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Delirium (sudden confusion)
Delirium is common in people with dementia and can make them increasingly confused and distressed. Here, we explain the signs to be aware of and how you can help.
Delirium is a state of mental confusion that comes on suddenly. It can have a big impact on the way a person behaves and functions, especially if they have dementia.
People with delirium typically become confused and/or disorientated, and have difficulty concentrating.
There are two types of delirium:
- Hyperactive delirium causes confusion that fluctuates throughout the day, with the person often feeling agitated or restless
- Hypoactive delirium makes people more sleepy and less responsive
Delirium can be very distressing for the person experiencing it and their carers.
Possible causes of delirium include:
- an infection such as a urinary tract infection (UTI)
- not eating enough
- a stroke or ‘mini stroke’ called a transient ischaemic attack (TIA)
- low blood sugar in a person with diabetes
- head injury
- constipation or urine retention
- being in hospital or another unfamiliar or distressing environment
- surgery, especially hip surgery
- older age – although younger people can develop delirium too
- some types of medication, especially if the person takes multiple medications
- sight or hearing difficulties
- being near the end of life
Dementia can make people more likely to experience delirium. People who are over 80 and live with dementia are at greater risk, particularly during a hospital stay, when up to 50% of people with dementia develop delirium.
Older people with delirium and dementia often need longer stays in hospital, are more prone to falls or accidents, and are more likely to be moved into a care home.
It can be difficult to recognise delirium in people with dementia because it has similar symptoms such as confusion, memory loss and problems with concentration. However, it’s important to know the signs and seek medical help quickly if you spot them.
Symptoms of delirium include:
- a sudden change in mental state and/or behaviour
- disorientation: being unsure where they are or what day/time it is
- paranoia and false beliefs, such as thinking someone is trying to harm them
- poor concentration
- memory loss
- feeling agitated and restless
- irritability or aggression (eg shouting)
- hallucinations (seeing or hearing things that aren’t there)
- difficulty speaking clearly and following conversations
- vivid dreams
- physical changes, for example in appetite or mobility
Delirium can be serious, so it’s vital that the person receives medical assistance as soon as possible.
If the person is at home, contact their GP and ask for an urgent appointment. If they are in hospital, tell the nurse or doctor who is looking after them. If they are in a care home, tell a carer.
If you think the person is seriously or suddenly unwell, take them to A&E or call 999 for an ambulance: in rare cases, delirium or its underlying causes can be life-threatening.
You could also try these ideas to try to ease the person’s distress:
- keep calm and reassure them – you might need to remind them who you are, where they are, and what day it is
- speak in short, simple sentences
- Try to distract them with activities like watching TV, listening to music or looking at photos
- encourage them to eat and drink, for example by offering favourite foods
- help them find the toilet if needed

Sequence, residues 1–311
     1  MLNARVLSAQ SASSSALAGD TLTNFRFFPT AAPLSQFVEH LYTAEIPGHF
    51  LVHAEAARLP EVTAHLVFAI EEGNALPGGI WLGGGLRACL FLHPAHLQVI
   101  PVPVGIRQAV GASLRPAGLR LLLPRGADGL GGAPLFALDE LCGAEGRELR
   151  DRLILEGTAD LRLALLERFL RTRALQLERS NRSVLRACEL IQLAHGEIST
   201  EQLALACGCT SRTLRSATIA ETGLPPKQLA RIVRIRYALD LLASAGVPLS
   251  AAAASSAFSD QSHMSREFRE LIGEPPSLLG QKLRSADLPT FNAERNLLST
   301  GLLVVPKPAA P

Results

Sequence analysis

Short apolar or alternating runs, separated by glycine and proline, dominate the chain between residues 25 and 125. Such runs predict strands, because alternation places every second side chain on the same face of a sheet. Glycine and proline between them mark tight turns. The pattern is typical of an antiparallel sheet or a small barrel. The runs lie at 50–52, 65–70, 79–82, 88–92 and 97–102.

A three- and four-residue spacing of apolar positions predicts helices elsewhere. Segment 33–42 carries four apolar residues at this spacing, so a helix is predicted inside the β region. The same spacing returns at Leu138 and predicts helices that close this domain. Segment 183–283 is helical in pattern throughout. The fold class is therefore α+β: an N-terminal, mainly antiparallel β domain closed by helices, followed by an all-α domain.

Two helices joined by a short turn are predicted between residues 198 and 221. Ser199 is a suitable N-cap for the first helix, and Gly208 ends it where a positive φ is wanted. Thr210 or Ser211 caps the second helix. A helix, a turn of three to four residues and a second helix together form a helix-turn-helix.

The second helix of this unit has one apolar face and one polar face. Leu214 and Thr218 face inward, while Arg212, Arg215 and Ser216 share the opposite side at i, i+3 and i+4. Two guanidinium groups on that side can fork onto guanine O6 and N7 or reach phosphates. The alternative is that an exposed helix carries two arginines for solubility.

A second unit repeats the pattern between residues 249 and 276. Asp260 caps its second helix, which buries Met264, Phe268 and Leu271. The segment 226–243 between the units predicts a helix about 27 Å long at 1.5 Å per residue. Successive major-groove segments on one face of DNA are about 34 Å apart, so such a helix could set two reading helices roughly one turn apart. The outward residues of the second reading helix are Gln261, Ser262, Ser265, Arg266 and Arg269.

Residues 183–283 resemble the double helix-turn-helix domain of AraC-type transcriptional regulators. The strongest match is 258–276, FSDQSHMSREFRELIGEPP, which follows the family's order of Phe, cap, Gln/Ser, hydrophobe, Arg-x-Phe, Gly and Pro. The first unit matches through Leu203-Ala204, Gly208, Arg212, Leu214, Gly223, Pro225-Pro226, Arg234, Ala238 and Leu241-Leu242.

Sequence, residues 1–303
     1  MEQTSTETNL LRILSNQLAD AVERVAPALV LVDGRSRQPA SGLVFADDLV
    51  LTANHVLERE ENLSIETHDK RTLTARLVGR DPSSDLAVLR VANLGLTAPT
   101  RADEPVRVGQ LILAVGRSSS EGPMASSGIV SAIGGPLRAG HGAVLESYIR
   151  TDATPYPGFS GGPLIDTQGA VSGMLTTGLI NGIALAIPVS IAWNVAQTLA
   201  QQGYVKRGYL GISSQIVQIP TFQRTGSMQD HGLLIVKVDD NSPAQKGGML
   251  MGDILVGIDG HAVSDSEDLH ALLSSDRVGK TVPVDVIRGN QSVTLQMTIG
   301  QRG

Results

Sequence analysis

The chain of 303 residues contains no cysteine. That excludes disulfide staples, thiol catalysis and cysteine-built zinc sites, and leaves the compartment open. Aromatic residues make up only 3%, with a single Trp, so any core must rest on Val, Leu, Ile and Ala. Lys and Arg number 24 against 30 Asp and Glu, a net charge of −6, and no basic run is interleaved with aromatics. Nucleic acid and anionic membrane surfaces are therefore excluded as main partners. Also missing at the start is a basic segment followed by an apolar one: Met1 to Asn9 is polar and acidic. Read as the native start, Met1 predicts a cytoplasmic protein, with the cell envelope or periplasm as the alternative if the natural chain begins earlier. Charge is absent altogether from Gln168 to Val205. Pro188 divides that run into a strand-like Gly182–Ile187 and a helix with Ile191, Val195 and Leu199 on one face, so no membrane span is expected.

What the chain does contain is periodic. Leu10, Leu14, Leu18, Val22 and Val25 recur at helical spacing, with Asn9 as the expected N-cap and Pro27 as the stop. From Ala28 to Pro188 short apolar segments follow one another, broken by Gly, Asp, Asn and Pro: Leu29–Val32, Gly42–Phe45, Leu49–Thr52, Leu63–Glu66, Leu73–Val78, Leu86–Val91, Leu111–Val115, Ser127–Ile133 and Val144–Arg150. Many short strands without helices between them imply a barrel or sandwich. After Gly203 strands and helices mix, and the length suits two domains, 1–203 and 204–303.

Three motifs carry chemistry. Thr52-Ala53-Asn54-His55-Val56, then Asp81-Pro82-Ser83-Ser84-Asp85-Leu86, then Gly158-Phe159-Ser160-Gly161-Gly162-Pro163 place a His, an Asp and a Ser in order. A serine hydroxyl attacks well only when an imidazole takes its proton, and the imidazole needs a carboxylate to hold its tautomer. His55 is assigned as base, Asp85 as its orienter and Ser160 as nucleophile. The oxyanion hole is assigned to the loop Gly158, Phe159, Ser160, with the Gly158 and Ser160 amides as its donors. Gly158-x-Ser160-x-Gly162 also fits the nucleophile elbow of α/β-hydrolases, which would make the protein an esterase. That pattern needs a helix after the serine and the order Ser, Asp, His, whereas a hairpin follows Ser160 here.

- stay with them if they’re walking around in case of falls
- keep a dim light on at night
- avoid disagreeing with them, even if they’re saying unusual things – instead, try to change the topic of conversation
If a person is experiencing delirium, their doctor should check for underlying causes, such as signs of infection like a high temperature.
They should ask you or the person whether they’re having problems with things like constipation or passing urine, and look at what medications they take.
They may also request blood and urine tests.
Often, delirium gets better if the underlying problem is treated. For example, if the person has an infection they may be prescribed antibiotics, or if they are constipated they may be given laxatives. Sometimes, there is no treatable cause of delirium; in these cases, the person may just need time and rest to recover.
If the person is particularly distressed, they may be given calming or sedating medication in the short term. However, for some people these medications make delirium worse, so they should only be used if absolutely necessary – for instance, if the person is at risk of harming themselves or someone else.
About 60% of people with delirium recover within a week. Some people, however, take longer to recover, and some never get back to exactly how they were before – this is more likely if they have dementia.
Delirium can’t always be prevented, but there are things you can do to reduce the risk.
- make sure the person wears their glasses and/or hearing aids
- try to ensure they get enough sleep
- encourage them to eat and drink regularly. In particular, eating plenty of fruit and veg, and increasing fluids, can help prevent constipation
- help them stay mobile
- make sure they’re practising good hygiene, for example by washing their hands after using the toilet, cleaning medical devices like urinary catheters properly, and keeping wounds clean and dressed
- help them take part in activities that they enjoy, like doing puzzles, knitting, going for walks or being visited by friends and family
- if they’re in hospital, ask the staff to avoid moving them to a different bed or ward if possible
If you have any questions or concerns about dementia, you can contact our free Admiral Nurse Dementia Helpline on 0800 888 6678 (Monday-Friday 9am-9pm, Saturday and Sunday 9am-5pm, every day except Christmas Day) or email email@example.com.
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Publication date: January 2023
Review date: January 2025